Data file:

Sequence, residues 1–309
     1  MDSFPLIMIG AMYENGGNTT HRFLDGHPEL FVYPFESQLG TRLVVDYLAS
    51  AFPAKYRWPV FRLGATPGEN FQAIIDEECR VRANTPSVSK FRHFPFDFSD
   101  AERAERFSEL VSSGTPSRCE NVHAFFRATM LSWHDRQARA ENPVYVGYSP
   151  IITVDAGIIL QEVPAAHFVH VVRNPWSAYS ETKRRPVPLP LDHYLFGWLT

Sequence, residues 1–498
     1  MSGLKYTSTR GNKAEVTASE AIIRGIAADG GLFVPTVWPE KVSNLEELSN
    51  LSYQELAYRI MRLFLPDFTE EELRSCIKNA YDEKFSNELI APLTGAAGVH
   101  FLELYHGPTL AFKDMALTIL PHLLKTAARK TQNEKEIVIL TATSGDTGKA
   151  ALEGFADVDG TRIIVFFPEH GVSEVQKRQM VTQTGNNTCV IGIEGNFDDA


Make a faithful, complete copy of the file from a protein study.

Sequence, residues 1–309
     1  MDSFPLIMIG AMYENGGNTT HRFLDGHPEL FVYPFESQLG TRLVVDYLAS
    51  AFPAKYRWPV FRLGATPGEN FQAIIDEECR VRANTPSVSK FRHFPFDFSD
   101  AERAERFSEL VSSGTPSRCE NVHAFFRATM LSWHDRQARA ENPVYVGYSP
   151  IITVDAGIIL QEVPAAHFVH VVRNPWSAYS ETKRRPVPLP LDHYLFGWLT

Sequence, residues 1–498
     1  MSGLKYTSTR GNKAEVTASE AIIRGIAADG GLFVPTVWPE KVSNLEELSN
    51  LSYQELAYRI MRLFLPDFTE EELRSCIKNA YDEKFSNELI APLTGAAGVH
   101  FLELYHGPTL AFKDMALTIL PHLLKTAARK TQNEKEIVIL TATSGDTGKA
   151  ALEGFADVDG TRIIVFFPEH GVSEVQKRQM VTQTGNNTCV IGIEGNFDDA